The treatment given to the three (which resembles an effective fraternity hell week) recalls the training given to the cast of "Saving Private Ryan." The actors playing soldiers on the beach in the riveting opening moments of Steven Spielberg's masterpiece had gone through such rigorous discipline for the role that at least a half dozen repeatedly threatened to quit. In "Blair," Donahue, Williams and Leonard are forced to suffer as actual people in their situation might have done. After a few days, they are soaked, exhausted and hungry to such an extent that they actually feel the terror of the journey, actually fearing for their lives. This adds markedly to the verisimilitude. As the three prepare for the trip by shopping, cracking jokes, and following Heather's background narration, they speak to residents of the town, drive to the woods, and proceed to hike for hours. Without a cell phone, they become increasingly anxious as they lose their bearings. When the map of the area--the only document that could virtually guarantee their safe arrival back to the car--disappears, panic takes over. As Heather, the confident tour leader, begins to lose it--screaming, crying, cursing--the three go increasingly off the wall, their disquiet reaching a climax when two of the party make a gruesome and bloody discovery.

"Blair," at once a road movie, a buddy drama, and a horror show, is the sort of film that could be expected to come from a studio like Artisan, known for willingness to experiment. Last year, Darren Aronofsky's "Pi," released under the Artisan label, became the most innovative indie of the year. "Pi" featured the nerdish Max Cohen, a mathematical genius, who sets out to prove that everything can be reduced to a numerical pattern. Unfortunately, "The Blair Witch Project" does not come close to matching "Pi." Though we may indeed be convinced of the apprehension felt increasingly by the three performers, we feel strangely distanced from their dilemma. The fault lies paradoxically with improvisation which, for my money, almost never works. What's needed to get the pulse of the viewers racing is a solid script by a guy like David Mamet or, going back a while, to a director like James Whale. Only a tight screenplay effected by a director's strong hand, can accomplish the indisputable goal of every horror movie--to scare the living daylights out of everyone willing to suspend disbelief. Take, by contrast, the recent movie "Limbo," which, like this one deals with people who are stranded in a remote area, so desperate for help that they are willing to risk their lives when an opportunity for rescue finally comes. "Limbo" is a near-great film--controversial ending and all--because of the superb skills of John Sayles at the helm. What we have here, though, is a group of kids who scream like banshees, uttering obscenities without a clever piece of dialogue in the 87-minute production. The moral? To convey an atmosphere of anarchy, a film may need an authoritarian hand at the controls--a tight script embodying a real story and firm direction. Though after viewing "Blair" some in the audience might vow never again to travel without a knowledgeable tour guide, I say, "Bring on the woods...The city is hot and I have no problem tackling some sylvan splendor."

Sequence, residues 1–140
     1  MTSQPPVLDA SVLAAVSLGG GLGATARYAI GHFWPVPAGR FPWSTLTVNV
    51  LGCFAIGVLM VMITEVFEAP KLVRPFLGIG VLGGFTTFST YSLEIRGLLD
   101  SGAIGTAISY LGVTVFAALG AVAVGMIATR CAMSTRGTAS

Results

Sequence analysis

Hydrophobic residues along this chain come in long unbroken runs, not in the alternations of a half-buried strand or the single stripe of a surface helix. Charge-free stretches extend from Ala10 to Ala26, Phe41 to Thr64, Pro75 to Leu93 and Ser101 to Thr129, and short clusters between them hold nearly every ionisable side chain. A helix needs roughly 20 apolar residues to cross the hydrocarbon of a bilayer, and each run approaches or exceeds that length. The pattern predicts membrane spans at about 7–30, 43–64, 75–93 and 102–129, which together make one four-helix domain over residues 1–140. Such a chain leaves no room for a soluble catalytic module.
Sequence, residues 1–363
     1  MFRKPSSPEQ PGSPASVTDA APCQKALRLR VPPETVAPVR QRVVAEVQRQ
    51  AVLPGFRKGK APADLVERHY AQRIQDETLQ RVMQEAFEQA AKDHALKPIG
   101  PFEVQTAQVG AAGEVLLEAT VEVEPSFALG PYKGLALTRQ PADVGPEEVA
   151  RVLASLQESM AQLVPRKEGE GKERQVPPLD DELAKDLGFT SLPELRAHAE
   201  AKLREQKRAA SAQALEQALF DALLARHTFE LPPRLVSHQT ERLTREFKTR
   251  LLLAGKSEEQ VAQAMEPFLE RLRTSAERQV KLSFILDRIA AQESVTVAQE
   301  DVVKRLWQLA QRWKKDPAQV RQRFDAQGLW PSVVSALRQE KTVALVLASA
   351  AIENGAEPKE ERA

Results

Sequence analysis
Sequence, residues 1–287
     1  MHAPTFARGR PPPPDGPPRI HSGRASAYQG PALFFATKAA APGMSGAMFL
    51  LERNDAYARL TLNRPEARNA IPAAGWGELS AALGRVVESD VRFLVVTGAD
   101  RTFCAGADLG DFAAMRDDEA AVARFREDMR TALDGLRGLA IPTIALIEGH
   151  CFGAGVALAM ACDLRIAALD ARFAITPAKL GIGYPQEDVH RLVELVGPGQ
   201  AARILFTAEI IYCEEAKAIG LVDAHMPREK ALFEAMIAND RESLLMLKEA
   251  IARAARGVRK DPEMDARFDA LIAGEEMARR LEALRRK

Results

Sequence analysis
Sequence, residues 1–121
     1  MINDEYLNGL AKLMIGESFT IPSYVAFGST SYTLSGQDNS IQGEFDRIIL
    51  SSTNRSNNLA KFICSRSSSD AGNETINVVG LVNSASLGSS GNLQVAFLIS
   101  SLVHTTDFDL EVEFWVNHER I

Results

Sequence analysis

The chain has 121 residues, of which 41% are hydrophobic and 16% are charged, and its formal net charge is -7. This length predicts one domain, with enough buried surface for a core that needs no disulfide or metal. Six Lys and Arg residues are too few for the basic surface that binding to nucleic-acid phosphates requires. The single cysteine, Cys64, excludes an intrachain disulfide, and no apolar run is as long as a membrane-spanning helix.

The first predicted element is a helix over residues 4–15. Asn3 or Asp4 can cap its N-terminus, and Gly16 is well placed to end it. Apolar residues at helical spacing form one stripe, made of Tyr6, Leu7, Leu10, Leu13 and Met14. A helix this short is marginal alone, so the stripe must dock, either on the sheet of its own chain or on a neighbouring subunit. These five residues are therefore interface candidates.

Copyright 2000 Harvey Karten